Development of the Army’s revolutionary Ground Mobile Radio (GMR) is 95% complete, and is entering government testing to verify its performance features. GMR is the leading edge of a family of “software-defined” radios that can easily switch among various modes and functions by using agile computer code in place of specialized hardware. The Army and other services currently must buy multiple radios, antennas and other equipment to provide the links afforded by a single GMR system, and even with all that hardware installed they cannot match the versatility of the new radio. For example, it would take over a hundred legacy radios to equal the amount of information that can be carried on GMR’s wideband networking channels.
The Ground Mobile Radio was the first of several radio types begun under the Joint Tactical Radio System (JTRS, or “Jitters”) program during the Clinton years. The basic idea is to replace dozens of incompatible Cold War radios with a single seamless battlefield network using software that can be quickly downloaded into any radio meeting JTRS specifications. Boeing is leading the team that will deliver radios for Army vehicles, Lockheed Martin is leading the team for aircraft and warships, and General Dynamics is working with Thales on smaller man-pack versions. All three teams must produce radios utilizing the same software and hardware specifications so that when they are fielded the services can communicate with each other effortlessly, eliminating communications barriers that in the past have at times led to death and defeat. Other members on the Boeing team include Northrop Grumman, BAE Systems, Rockwell Collins and Harris.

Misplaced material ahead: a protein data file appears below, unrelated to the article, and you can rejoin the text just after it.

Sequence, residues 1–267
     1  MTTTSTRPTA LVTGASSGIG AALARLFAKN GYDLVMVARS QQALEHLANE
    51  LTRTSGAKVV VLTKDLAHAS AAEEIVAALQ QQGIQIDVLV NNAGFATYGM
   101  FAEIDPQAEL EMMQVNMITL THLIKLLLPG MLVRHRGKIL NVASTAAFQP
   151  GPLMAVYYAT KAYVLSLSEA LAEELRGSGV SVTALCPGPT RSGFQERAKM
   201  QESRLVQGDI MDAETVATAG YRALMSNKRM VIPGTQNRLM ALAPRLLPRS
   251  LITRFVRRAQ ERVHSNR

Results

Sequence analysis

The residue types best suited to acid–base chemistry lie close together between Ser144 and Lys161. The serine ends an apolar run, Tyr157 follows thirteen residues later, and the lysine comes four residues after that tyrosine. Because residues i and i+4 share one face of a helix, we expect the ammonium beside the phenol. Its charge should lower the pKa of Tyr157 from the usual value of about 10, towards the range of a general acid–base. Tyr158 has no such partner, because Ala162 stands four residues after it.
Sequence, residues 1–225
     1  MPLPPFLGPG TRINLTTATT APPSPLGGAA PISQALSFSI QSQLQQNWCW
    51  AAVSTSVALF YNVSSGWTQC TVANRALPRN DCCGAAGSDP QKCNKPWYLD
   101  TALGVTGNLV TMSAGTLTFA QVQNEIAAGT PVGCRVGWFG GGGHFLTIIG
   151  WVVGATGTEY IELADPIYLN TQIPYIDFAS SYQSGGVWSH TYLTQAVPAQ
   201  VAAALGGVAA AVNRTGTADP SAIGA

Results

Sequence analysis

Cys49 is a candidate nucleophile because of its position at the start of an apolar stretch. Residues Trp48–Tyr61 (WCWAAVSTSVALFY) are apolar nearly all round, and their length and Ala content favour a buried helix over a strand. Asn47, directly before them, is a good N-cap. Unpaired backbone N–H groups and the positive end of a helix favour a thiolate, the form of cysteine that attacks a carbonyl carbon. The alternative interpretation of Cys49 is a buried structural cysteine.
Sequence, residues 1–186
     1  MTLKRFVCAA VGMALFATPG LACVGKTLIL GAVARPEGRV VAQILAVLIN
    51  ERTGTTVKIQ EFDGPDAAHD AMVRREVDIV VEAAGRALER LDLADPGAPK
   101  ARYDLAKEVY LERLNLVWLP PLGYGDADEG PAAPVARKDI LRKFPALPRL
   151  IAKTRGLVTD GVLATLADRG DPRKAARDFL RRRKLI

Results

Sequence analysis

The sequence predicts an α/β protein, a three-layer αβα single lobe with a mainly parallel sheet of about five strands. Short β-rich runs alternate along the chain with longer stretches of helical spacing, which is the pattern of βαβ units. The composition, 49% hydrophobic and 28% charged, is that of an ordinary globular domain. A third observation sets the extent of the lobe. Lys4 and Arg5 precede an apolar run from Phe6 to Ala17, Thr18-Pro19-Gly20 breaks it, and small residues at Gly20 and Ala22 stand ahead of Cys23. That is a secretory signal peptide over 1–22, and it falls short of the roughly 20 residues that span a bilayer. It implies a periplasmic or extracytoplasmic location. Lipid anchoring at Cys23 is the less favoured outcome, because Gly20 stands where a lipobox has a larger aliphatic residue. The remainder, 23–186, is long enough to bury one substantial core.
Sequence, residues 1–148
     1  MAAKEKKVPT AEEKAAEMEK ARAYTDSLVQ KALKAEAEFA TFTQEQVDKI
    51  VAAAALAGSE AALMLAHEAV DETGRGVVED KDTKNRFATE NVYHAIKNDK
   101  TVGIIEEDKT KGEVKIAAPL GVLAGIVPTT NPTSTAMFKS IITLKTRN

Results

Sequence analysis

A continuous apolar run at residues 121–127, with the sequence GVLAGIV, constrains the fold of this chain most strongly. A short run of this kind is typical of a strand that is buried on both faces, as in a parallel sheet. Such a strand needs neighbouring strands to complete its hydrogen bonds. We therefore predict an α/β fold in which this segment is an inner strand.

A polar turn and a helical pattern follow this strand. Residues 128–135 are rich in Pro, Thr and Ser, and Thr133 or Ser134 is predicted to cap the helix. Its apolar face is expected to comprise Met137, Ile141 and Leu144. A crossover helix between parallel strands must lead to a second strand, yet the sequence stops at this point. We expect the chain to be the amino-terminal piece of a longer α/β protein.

Although the Joint Tactical Radio System program has been criticized for cost increases above the original baseline — a common problem in cutting-edge technology programs — at this point all versions of the radio seem to be progressing smoothly. GMR alone must meet 2,000 separate user requirements, many of which are focused on the need to transmit diverse information quickly to warfighters on the move without being susceptible to jamming or interception. Boeing has designed security and resilience into the software, so that enemies cannot exploit the dependence of U.S. forces on an internet-like battlefield network for their own purposes. The Ground Mobile Radio will have seven different “waveforms” — specially shaped signals — that collectively can communicate with an array of legacy radios while also conveying vast amounts of information at unprecedented speeds (the formal specification for GMR’s wideband network is two megabits per second, but much higher rates are possible under favorable circumstances).
With hardware and software development progressing nicely, the main political issue facing the program is what each radio will cost. The current estimate is $90,000 per radio for GMR if the Army uses an efficient buying strategy for all 86,000 radios it plans to buy. That sounds like a lot of money for a “radio,” but what the Army is really buying is a secure, multi-function battlefield network that will minimize casualties and maximize force performance. The cost probably does not greatly exceed the expense of maintaining so many incompatible legacy radios in the force, since it costs the service about $20,000 per radio for every dedicated radio channel that it fields. Boeing says that supposedly cheaper alternatives to GMR either don’t meet warfighter requirements for radio performance, or entail hidden costs for ancillary equipment that drive up the price the Army must pay. Army leaders appear to agree with that assessment.
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